These values shift with the political landscape, and one of the things I’ve noticed recently on the left is an increasing value for what looks like purity. For example, the idea that if you represent anything perceived to counter to the well-being of women or people of color, you are a pariah and should be cast out. That becomes problematic for a lot of different reasons. Similarly, people who consider themselves followers of Bernie Sanders would just as soon cast you out if you don’t believe in things like universal single-payer healthcare.
This emphasis on purity puts people in an awkward position of having to follow rules that are being rapidly created and changed. And it causes a lot of tension within that community.
What’s interesting about the stories being told on the left right now is that while they are tapping into emotions, the emotion they provoke is really righteous indignation – the sense that people have been wronged, and the impulse to fight back against that. There is a place for that, especially for people who have been traditionally oppressed. But it runs the risk of being divisive even among people who are allies. One example is a story of someone who dressed up in an ethnic costume when they were 20. That may have been insensitive and stupid, but is it right to totally dismiss these people?
If you are trying to push an ideological agenda, that’s a great way to send a message, because it gets certain people riled up and ready to act. But if you are trying to open people’s minds to other people’s perspectives, this is a frustrating tactic. It’s not being empathetic so much as it’s being really angry, which closes people off. It’s good at rousing up a certain side of an issue, but bad at getting people to see across divisions. It evokes an ideological impulse rather than a humanitarian impulse. Whether such tactics are effective or simply divisive is difficult to say, and only time will tell.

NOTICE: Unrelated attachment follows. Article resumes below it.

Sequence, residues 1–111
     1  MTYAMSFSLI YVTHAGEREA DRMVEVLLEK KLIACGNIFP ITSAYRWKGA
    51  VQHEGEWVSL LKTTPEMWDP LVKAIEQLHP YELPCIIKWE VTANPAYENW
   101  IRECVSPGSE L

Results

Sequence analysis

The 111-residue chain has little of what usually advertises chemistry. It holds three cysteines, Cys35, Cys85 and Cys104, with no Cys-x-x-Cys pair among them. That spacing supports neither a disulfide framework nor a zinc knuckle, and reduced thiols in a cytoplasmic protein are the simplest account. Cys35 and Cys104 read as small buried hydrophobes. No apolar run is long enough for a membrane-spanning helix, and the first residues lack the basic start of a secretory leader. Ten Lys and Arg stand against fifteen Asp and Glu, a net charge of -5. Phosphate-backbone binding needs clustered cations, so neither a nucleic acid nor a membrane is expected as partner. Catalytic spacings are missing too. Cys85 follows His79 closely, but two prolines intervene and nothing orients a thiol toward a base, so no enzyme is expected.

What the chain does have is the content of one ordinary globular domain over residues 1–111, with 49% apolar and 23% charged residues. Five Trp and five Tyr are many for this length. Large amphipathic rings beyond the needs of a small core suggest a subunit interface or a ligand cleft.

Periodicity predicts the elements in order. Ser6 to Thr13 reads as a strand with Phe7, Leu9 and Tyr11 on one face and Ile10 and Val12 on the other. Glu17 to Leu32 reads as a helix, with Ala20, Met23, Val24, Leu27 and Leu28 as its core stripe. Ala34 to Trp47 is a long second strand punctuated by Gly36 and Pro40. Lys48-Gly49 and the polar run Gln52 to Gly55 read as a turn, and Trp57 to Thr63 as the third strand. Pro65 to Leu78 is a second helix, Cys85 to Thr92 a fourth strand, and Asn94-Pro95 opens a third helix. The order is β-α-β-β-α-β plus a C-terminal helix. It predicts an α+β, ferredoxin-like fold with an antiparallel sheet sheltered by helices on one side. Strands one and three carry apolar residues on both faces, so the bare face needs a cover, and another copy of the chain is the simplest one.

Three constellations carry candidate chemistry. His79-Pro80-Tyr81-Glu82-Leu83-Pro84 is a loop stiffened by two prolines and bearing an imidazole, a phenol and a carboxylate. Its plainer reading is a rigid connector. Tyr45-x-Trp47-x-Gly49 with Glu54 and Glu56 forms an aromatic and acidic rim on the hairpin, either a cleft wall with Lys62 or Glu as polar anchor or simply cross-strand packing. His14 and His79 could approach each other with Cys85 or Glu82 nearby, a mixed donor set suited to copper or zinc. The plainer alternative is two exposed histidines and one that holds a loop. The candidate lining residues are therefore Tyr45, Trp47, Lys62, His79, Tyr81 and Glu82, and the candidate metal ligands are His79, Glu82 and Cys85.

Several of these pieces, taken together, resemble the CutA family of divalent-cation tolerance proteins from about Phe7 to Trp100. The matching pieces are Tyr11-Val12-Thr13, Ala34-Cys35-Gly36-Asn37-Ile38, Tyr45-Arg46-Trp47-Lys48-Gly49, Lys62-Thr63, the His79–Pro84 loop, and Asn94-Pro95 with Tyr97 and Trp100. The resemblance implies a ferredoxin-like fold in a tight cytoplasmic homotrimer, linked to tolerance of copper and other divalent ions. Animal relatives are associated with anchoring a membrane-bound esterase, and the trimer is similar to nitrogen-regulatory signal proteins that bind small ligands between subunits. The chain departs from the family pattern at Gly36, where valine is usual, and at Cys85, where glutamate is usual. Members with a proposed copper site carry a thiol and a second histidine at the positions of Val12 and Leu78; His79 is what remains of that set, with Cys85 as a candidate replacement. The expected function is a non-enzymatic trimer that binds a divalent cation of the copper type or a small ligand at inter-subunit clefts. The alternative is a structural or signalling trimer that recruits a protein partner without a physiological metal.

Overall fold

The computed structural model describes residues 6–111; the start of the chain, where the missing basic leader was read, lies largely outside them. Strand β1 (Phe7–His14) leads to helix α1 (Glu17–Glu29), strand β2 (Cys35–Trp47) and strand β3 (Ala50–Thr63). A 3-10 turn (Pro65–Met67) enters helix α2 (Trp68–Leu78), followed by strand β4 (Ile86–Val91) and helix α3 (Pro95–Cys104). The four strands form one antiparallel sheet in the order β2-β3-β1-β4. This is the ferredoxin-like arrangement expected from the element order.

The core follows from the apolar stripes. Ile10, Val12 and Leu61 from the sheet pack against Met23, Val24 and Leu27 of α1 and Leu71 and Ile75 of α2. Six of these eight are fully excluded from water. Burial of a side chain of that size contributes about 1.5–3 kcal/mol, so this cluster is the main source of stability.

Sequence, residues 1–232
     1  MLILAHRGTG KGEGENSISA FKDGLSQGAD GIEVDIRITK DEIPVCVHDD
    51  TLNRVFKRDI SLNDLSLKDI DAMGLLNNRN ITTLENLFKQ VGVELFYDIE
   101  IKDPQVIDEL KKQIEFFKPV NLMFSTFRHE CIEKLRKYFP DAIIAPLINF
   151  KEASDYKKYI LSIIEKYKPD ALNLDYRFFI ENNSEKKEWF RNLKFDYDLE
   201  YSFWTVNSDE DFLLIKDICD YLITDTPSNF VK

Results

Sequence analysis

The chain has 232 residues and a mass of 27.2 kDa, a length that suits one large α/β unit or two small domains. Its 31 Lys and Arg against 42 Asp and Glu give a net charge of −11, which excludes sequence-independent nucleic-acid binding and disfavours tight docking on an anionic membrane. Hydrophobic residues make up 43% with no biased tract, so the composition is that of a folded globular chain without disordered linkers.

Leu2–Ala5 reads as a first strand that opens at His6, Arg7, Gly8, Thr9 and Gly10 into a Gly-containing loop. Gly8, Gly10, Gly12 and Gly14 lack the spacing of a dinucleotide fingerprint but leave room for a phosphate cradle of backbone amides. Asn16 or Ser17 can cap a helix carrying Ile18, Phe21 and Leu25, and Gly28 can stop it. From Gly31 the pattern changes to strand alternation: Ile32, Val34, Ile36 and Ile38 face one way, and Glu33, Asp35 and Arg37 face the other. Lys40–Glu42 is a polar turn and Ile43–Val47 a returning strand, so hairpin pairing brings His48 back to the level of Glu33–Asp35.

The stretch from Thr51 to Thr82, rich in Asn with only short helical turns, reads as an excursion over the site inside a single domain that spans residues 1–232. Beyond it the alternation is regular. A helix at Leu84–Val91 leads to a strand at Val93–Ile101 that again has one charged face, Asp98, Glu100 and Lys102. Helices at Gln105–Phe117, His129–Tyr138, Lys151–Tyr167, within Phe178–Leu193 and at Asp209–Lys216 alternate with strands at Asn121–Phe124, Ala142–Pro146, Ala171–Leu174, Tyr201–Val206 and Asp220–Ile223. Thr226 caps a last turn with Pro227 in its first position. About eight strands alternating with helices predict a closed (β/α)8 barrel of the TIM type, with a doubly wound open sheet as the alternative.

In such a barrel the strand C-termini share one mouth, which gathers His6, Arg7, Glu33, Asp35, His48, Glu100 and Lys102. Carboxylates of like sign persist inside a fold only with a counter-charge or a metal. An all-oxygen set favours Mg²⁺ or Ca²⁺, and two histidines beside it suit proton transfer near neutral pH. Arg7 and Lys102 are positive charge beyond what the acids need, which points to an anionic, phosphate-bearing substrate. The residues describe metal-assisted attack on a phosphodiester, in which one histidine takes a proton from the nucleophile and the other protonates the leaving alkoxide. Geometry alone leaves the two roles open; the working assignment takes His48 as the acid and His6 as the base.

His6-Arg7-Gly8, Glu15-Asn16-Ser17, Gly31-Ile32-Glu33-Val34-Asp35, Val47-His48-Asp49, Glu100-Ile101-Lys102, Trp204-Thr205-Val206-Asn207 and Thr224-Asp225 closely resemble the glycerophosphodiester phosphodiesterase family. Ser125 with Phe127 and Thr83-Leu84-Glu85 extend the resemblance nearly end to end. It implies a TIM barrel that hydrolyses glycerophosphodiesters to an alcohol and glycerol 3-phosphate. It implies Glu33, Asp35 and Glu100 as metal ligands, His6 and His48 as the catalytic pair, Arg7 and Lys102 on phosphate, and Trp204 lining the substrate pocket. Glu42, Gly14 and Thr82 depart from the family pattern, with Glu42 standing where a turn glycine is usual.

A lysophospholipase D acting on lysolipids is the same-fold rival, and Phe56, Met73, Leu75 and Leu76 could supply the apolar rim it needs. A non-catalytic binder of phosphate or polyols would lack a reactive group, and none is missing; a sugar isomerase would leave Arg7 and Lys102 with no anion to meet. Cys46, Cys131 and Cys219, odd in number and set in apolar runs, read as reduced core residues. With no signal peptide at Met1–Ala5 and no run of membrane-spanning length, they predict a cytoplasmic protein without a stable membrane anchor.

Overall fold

What ideas do you have for how museums and museum workers might use storytelling to support anti-racist initiatives and other equity-based initiatives?
The first step is telling the stories not only of our heroes, the mythologies of our heroes, but also telling the stories we shouldn’t be proud of, for example, stories of people who were oppressed by the early United States. Historic sites focusing interpretive efforts on telling the stories of slaves is a good example of this work.
When we focus on minorities, we tend to focus on individuals who have risen above to create something great. This reinforces individualism which gets in the way of talking about needs and responsibilities as a community. We talk about the great people, but not the ‘normal” people, and how world or social forces or events impact the individual within a system because of the way their community was impacted.
Museums can tell stories about individuals who clearly faced challenges of systemic racism. Someone who couldn’t get a house in the neighborhood he wanted to live in, for example. Those kinds of stories can also be used to put a spotlight on systemic effects – the way society is structured to limit individuals’ ability to get their needs met or survive.
One of the best things you can do is to connect these stories to opportunities for action. Let’s say you have an exhibit that focuses on a Black artist, and highlights some challenges she faced throughout her career. Provide something for visitors to do to address racism right there in the exhibit, like write a letter to a local representative, or sign a document committing to doing one or two things in the next period of time. Public commitments of action improve the likelihood that they are going to take action.
Ultimately, the challenge is to change the system, which involves changing our laws and culture. We won’t solve this overnight. But asking people to be engaged and mindful and active makes a difference long term.